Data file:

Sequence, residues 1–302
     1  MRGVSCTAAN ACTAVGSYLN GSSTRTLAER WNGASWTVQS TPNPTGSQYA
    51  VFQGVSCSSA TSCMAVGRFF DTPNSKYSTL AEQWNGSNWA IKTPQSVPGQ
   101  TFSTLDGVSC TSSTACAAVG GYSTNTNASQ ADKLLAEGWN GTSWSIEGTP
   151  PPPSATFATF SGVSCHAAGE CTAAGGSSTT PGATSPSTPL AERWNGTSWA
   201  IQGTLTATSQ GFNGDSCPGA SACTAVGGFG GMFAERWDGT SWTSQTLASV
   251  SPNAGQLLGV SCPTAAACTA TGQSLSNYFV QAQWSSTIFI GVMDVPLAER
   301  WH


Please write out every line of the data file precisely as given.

Sequence, residues 1–302
     1  MRGVSCTAAN ACTAVGSYLN GSSTRTLAER WNGASWTVQS TPNPTGSQYA
    51  VFQGVSCSSA TSCMAVGRFF DTPNSKYSTL AEQWNGSNWA IKTPQSVPGQ
   101  TFSTLDGVSC TSSTACAAVG GYSTNTNASQ ADKLLAEGWN GTSWSIEGTP
   151  PPPSATFATF SGVSCHAAGE CTAAGGSSTT PGATSPSTPL AERWNGTSWA
   201  IQGTLTATSQ GFNGDSCPGA SACTAVGGFG GMFAERWDGT SWTSQTLASV
   251  SPNAGQLLGV SCPTAAACTA TGQSLSNYFV QAQWSSTIFI GVMDVPLAER
   301  WH